In the fall, U of T will welcome hoards of eager frosh waiting for the university experience to turn their lives upside down. This summer series of personal essays delves into the minds of seasoned upper-year students, and everything they never expected to learn.

[dropcap]W[/dropcap]hen I entered university, I was determined to do it all: soccer, archery, dancing — it did not matter that I was barely flexible enough to touch my toes. I ran a café. I blogged and I copy edited. I volunteered left, right, and centre. I even took up crocheting again.

By late November, I was having nightly breakdowns.

The drive to do everything was largely motivated by observing the lives of the people around me. Everyone, it seemed, was doing amazing things. News articles would broadcast their achievements: world-famous activists, successful entrepreneurs, ‘Top 20 Under 20’ students — all my age or younger. Even my friends were somehow making it to the gym five times a week. I was racing to keep up. After all, university meant a fresh start, a chance to finally be the perfect student ready to take on the world.

Besides, U of T was bursting with opportunities — free fitness classes, a thousand clubs, and dozens of engaging courses. Newly freed from the confines of a grade school schedule, I was eager to take advantage of it all. Nothing was more satisfying than coming home at the end of a full productive day — days when my Google calendar was devoid of white space. No time wasted.

However, as the cold rolled in, I suddenly found myself incapable of dealing with the smallest stressors. A 68 per cent on my first university essay sent me into days of tears. Not getting a position I’d applied for unleashed a floodgate of self-doubt. What was it about me that was insufficient? Did my personality rub people the wrong way? Would I ever succeed at anything in life?

Once those seeds of doubt were planted, fear and anxiety quickly rose to the surface. Almost overnight, the loneliness of being a first-year commuter at U of T hit me so hard that every bit of energy evaporated. I felt tired all the time. I was crying every night, alone in my bed while Facebook photos of laughing friends constantly reminded me of my shortcomings.

Yet, despite the severe deterioration of my mental health, I continued to prioritize other activities over self-care for the following two years. It felt impossible to justify giving up amazing opportunities for some extra sleep, a hot bath, or a night of YouTube videos. How exactly would extra sleep advance my personal and professional skills? I was busy. I had a café to manage.

[pullquote-default]I had been relentlessly driven past my limits. Going into my final year, it felt like the last chance to get it right.[/pullquote-default]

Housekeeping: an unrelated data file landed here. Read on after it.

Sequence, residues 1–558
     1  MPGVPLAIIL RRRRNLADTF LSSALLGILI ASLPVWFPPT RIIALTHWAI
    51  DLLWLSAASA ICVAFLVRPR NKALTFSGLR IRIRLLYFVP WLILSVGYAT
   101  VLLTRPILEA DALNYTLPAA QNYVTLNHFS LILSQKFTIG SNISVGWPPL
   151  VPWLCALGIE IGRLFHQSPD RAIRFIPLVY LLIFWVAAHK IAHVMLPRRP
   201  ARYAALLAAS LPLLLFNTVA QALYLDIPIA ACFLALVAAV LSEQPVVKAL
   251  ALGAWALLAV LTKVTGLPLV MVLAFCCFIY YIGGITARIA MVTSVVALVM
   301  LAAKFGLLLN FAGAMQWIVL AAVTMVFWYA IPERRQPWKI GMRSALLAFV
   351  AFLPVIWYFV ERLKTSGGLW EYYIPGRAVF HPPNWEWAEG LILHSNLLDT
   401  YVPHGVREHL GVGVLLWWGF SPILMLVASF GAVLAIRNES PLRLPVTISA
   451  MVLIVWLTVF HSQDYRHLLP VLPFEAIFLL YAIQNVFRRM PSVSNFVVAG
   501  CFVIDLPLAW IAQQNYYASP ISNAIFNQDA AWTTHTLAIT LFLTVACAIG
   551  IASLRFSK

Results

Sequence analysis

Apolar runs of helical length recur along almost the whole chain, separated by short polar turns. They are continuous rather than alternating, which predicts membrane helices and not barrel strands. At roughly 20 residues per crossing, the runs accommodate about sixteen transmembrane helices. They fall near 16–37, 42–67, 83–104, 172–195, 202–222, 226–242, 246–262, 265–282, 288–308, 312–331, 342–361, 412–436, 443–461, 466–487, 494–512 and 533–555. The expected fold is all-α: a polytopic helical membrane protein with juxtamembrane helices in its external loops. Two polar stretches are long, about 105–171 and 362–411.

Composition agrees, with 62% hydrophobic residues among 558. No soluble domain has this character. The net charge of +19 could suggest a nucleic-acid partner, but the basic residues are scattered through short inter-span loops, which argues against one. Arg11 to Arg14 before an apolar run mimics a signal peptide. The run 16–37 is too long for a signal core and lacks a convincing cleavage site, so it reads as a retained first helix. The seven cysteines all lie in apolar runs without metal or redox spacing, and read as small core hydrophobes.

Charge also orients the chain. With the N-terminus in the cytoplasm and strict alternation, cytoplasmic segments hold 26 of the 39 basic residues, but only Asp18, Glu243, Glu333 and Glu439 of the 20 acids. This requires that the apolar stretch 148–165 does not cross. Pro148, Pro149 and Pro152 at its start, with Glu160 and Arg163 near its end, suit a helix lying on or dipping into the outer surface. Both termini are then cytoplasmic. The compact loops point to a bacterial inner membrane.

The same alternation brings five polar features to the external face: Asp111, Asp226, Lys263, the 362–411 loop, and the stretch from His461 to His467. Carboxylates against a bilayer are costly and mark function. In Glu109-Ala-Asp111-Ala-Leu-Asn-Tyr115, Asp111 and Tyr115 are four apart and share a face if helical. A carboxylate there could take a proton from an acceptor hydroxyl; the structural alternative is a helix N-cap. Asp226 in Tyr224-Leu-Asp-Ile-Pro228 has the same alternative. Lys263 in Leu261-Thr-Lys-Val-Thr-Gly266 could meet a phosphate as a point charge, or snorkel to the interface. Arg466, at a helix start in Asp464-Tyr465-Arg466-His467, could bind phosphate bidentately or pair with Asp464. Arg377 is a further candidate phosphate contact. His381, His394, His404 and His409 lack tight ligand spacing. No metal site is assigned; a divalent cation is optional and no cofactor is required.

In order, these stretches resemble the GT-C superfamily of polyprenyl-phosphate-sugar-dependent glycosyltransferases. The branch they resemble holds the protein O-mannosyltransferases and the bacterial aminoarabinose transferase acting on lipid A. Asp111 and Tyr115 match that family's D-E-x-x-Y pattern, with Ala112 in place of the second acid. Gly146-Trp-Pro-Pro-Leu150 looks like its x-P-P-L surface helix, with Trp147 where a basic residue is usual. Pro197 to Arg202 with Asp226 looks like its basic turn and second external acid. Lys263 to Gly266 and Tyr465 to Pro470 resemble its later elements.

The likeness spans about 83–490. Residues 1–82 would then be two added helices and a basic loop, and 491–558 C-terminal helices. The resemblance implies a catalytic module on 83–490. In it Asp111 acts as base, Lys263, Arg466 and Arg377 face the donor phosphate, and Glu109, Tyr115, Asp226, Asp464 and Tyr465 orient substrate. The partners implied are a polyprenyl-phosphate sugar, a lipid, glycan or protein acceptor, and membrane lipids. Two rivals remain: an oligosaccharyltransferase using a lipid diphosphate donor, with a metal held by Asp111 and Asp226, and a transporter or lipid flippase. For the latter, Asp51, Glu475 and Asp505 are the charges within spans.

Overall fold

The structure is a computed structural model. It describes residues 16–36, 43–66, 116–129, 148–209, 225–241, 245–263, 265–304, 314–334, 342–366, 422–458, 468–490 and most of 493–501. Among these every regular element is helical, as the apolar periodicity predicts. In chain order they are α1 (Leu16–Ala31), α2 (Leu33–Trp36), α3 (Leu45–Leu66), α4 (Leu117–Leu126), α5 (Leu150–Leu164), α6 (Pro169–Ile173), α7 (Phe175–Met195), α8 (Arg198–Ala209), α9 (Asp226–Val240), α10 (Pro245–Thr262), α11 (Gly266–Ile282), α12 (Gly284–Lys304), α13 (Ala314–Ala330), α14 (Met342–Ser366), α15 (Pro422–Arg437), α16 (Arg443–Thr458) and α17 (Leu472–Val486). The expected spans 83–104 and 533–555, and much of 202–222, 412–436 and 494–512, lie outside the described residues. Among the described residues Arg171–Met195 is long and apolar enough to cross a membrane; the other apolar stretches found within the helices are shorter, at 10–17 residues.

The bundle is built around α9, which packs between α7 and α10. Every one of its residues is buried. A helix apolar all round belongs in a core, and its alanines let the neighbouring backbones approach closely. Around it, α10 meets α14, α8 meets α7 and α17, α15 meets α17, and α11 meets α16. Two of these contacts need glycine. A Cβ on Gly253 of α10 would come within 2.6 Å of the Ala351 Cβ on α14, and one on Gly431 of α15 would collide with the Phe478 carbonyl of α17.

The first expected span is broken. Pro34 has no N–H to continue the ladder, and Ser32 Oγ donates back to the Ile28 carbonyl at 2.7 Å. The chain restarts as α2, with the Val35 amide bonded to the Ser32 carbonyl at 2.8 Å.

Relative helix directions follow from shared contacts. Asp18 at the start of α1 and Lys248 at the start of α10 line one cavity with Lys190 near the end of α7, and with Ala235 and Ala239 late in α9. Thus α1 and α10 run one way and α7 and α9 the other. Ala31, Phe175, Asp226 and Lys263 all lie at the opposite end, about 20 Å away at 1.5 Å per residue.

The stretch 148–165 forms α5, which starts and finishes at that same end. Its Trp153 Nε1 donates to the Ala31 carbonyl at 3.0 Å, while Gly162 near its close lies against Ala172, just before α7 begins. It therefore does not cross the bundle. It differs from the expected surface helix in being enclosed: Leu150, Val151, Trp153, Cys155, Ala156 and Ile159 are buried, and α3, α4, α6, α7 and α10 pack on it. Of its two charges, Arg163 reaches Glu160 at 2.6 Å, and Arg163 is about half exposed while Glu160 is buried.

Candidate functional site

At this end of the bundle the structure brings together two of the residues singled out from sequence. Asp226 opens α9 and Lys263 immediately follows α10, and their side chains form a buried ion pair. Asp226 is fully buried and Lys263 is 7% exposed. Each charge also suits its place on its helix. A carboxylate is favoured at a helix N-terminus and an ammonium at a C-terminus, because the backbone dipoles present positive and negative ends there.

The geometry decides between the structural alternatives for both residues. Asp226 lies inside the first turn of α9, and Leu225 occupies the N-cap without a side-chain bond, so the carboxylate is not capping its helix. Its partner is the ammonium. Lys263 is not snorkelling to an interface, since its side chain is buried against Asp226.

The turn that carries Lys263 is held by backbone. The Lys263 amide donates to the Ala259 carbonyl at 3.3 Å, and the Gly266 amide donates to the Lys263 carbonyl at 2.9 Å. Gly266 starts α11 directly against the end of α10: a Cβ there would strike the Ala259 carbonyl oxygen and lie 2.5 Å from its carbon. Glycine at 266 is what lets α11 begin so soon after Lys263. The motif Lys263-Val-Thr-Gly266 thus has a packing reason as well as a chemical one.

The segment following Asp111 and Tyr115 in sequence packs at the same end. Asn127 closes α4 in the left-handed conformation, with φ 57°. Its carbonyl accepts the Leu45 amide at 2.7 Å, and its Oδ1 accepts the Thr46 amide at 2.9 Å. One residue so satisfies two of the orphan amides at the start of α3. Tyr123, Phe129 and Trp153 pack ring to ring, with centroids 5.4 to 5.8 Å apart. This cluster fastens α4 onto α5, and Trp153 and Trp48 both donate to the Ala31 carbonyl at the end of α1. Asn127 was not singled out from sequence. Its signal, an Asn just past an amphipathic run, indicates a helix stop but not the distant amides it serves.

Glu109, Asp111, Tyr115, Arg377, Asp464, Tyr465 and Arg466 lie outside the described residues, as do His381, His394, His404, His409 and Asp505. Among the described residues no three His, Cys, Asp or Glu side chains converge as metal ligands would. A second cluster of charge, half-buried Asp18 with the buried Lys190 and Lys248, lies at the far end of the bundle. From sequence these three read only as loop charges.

And then, in third year, I became a don. It was rewarding, exciting, and fulfilling in every way, but even as I preached the benefits of self-care, I was still seeing a counsellor. I was seeing the learning strategist. I was spending hours alone in my office crying. By February, one low mark would knock me out for a week.

My self-esteem had become entirely dependent on my accomplishments and external praise, to the point where I couldn’t sustain myself without them. There was no time to watch a movie, to read for pleasure, or even to see my boyfriend without falling asleep or suffering overwhelming guilt. My schedule had been so tightly packed for years that I was constantly racing at breakneck speeds to meet deadlines.

I applied when re-applications for donship opened in January, but I found myself wavering weeks later, unsure of my decision. Throughout the past few years, when faced with the choice between taking it easy and taking on another great learning experience, I had never hesitated to sign up for a new commitment.

However, I had been relentlessly driven past my limits. Going into my final year, it felt like the last chance to get it right. Finally, after the most academically-challenging month of my degree, I withdrew my re-application.

It had taken me years to admit, but I wanted my nights of frivolous YouTube videos. I wanted to go home before the sky turned pitch black. I wanted my heart to stop racing, and I wanted to stop feeling like I was constantly on the verge of drowning. For the first time, it didn’t matter what other people were doing around me. I was exhausted, and I was putting myself first.

Writing, managing a café, being a don — these were the most valuable experiences of my time at U of T and I would certainly not retract them for anything. But I had spent too long refusing to acknowledge my needs, as many students do. I had put school over sleep. I had put work over play. Without a healthy mind and balanced schedule, each minor stress — a bad mark, a failed driving test, an argument at home — was enough to send me over the edge. At last, I was learning to listen to my limits. At last, I was reclaiming my health.